The establishment of a reliable system for lawyer discipline was the No. 1 reason our predecessors in Bar leadership worked so hard for unification of the State Bar from the 1920s into the 1960s. It has been at least 15 years since the last thorough review of the disciplinary process has taken place, and we owe it to the legal profession in our state to ensure our rules and procedures are sufficient to meet the needs of our members and our fellow citizens who depend on us.
As one of my initiatives this year, I asked the Disciplinary Rules & Procedures Committee to conduct an in-depth review of our entire disciplinary process.
According to State Bar General Counsel Paula J. Frederick, there were 3,224 requests for grievance forms during the 2014-15 Bar year, and the number of grievances actually submitted to the Office of the General Counsel was 1,997, a slight increase over the 1,857 received the previous year. Additionally, the Consumer Assistance Program (CAP) fields thousands of inquiries each year, about 80 percent of which are resolved without having to file a grievance under the disciplinary procedure. A wide range of questions, issues, complaints and problems between clients and attorneys can be resolved by working with the Consumer Assistance Program, which seeks to improve lawyer-client communications and resolve conflicts through informal methods. CAP does not investigate allegations of serious misconduct. When appropriate, CAP requests the Office of the General Counsel to send grievance forms to persons with those types of complaints.
As most Bar members are aware, the power to investigate and discipline those authorized to practice law in Georgia for violations of the Georgia Rules of Professional Conduct is vested in the State Disciplinary Board, which consists of two panels: the Investigative Panel and the Review Panel.
When grievances are filed with the Office of the General Counsel (OGC), an initial review determines whether a grievance should be forwarded to the Investigative Panel. The accused attorney is served written notice of the grievance and notice of the opening of an investigation, after which the attorney has 14 days to respond to the grievance.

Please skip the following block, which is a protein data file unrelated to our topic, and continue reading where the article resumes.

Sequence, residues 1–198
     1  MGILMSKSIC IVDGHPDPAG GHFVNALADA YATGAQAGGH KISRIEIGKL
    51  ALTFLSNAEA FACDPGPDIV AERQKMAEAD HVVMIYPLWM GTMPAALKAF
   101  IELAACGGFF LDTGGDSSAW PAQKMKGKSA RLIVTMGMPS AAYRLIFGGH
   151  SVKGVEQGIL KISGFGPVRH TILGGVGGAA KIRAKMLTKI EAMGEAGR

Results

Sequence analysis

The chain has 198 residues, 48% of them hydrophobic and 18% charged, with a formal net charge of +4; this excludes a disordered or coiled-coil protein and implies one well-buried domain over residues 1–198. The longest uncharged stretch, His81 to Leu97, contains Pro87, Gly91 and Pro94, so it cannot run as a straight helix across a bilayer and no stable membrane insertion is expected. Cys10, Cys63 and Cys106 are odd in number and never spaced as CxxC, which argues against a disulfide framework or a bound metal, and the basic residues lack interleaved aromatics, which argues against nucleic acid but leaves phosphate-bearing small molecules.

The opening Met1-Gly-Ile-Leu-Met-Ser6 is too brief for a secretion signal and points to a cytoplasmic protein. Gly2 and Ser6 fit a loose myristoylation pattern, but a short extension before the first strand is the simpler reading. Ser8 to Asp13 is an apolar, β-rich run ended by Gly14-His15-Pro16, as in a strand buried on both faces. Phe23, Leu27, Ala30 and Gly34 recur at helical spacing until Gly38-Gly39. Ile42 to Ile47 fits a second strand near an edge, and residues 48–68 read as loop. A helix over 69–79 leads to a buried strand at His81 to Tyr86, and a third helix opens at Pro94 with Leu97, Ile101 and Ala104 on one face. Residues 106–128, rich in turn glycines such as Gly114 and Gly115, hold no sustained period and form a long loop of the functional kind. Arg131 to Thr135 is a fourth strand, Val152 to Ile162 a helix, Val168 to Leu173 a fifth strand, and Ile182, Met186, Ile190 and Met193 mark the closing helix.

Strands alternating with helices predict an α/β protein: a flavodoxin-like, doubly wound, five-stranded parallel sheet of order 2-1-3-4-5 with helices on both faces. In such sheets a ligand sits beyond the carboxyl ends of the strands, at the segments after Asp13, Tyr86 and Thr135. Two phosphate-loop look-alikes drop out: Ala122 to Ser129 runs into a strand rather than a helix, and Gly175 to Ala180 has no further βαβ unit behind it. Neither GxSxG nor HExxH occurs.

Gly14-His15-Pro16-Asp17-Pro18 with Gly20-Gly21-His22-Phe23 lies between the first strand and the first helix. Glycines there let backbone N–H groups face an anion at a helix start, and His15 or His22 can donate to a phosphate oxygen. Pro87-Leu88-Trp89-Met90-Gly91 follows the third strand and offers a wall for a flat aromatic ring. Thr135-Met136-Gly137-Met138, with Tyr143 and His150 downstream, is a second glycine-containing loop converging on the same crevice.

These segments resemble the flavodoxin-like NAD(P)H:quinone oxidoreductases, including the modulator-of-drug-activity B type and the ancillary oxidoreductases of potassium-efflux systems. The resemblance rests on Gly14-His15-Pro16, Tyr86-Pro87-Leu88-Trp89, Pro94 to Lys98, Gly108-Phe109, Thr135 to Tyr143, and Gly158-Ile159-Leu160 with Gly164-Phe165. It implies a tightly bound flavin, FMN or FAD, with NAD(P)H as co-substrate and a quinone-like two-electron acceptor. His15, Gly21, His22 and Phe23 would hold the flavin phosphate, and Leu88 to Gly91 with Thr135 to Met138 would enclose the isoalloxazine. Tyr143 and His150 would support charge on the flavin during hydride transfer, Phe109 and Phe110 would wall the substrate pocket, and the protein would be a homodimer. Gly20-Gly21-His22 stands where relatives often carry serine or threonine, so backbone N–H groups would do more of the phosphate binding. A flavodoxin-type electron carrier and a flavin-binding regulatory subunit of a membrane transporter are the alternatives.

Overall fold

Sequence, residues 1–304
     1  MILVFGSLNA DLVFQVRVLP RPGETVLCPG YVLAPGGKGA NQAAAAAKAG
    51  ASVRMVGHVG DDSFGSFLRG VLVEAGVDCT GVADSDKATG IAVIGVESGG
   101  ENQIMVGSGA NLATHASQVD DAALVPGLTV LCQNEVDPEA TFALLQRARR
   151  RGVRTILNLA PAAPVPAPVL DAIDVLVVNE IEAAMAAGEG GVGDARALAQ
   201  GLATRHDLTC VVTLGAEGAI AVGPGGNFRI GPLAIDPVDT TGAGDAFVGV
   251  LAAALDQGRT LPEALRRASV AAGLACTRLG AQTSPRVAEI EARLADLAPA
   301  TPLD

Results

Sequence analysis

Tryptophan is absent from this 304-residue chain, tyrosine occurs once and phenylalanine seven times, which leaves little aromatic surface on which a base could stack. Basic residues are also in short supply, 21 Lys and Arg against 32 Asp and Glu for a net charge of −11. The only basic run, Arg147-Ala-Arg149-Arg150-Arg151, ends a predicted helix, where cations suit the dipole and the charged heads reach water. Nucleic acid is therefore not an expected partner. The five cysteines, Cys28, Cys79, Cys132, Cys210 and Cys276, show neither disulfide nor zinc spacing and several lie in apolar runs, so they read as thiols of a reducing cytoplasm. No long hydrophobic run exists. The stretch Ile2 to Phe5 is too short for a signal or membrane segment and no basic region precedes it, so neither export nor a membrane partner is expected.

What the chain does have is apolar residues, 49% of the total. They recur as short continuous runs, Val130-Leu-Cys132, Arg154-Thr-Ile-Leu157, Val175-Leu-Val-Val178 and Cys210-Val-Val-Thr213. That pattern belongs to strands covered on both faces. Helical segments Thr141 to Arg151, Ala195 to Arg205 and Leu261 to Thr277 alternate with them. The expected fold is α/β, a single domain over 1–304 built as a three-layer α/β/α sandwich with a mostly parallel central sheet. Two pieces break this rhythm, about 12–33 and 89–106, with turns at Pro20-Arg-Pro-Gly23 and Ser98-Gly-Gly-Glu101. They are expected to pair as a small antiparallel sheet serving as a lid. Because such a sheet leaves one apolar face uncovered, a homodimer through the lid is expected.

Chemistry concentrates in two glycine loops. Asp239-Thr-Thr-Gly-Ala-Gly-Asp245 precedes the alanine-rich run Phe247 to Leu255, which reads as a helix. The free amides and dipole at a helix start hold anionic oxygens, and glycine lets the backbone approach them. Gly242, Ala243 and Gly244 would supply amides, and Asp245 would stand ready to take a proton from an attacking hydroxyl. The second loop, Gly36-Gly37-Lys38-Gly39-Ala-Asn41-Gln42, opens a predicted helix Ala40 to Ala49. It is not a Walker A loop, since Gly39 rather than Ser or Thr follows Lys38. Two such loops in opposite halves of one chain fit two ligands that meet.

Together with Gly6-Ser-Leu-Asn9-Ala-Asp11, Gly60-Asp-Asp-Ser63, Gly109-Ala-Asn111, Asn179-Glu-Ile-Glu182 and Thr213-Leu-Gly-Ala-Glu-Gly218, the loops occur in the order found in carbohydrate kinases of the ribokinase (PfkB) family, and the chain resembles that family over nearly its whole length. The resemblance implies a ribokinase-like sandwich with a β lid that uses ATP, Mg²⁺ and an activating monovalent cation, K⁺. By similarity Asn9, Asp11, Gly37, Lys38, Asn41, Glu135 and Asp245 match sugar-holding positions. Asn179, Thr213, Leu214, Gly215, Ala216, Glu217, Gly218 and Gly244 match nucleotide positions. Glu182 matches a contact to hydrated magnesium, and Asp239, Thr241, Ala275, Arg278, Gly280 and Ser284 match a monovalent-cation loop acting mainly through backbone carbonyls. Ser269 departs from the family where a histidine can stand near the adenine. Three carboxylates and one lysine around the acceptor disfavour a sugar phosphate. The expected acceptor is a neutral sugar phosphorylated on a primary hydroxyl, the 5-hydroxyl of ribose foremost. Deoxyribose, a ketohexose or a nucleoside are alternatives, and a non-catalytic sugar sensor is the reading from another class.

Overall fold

The number of cases sent to the Investigative Panel last year was 207 (10.4 percent of filed grievances), an increase over the previous year's 188 (10.1 percent of filed grievances).
The Investigative Panel is empowered to receive and evaluate written grievances against Bar members, or to initiate grievances on its own. When the panel receives the grievance, the lawyer is served with a Notice of Investigation letting him or her know the case is proceeding to a formal investigation, in addition to the previous written notice from the OGC screening process. The lawyer has 30 days to respond to the panel's Notice of Investigation.
The panel is authorized to conduct probable cause investigations, collect relative evidence and information, and issue subpoenas as provided in the rules.
When the panel's primary investigation establishes probable cause to believe a violation has occurred, the panel may issue a letter of admonition, an Investigative Panel Reprimand or a Notice of Discipline, or direct the OGC to file a formal complaint in the Supreme Court of Georgia for a hearing by a special master, who is a qualified lawyer.
The panel may also refer cases to the Fee Arbitration Committee or the Lawyer Assistance Program, or dismiss and reject grievances it determines to be unjustified, frivolous or patently unfounded.
If the Bar or the respondent is not satisfied with the resolution proposed by the special master, they may request review by the Review Panel of the State Disciplinary Board. The Review Panel receives reports from special masters and recommends to the Supreme Court the imposition of any punishment or discipline it deems appropriate as a result of the hearing conducted by the special master and the report and recommendation filed by him or her. When violations are found to have been committed, any of the following levels of discipline may be imposed: disbarment or suspension by the Supreme Court, public reprimand in Superior Court, Review Panel reprimand, Investigative Panel reprimand or formal letter of admonition.
Disciplinary Rules & Procedures Committee Chair John G. Haubenreich of Seacrest, Karesh, Tate & Bicknese LLP in Atlanta presented a report to the Board of Governors during its Fall Meeting in October. The committee's 23 lawyer members and two lay members are meeting every month, and they have initiated an intensive review of the entire disciplinary process.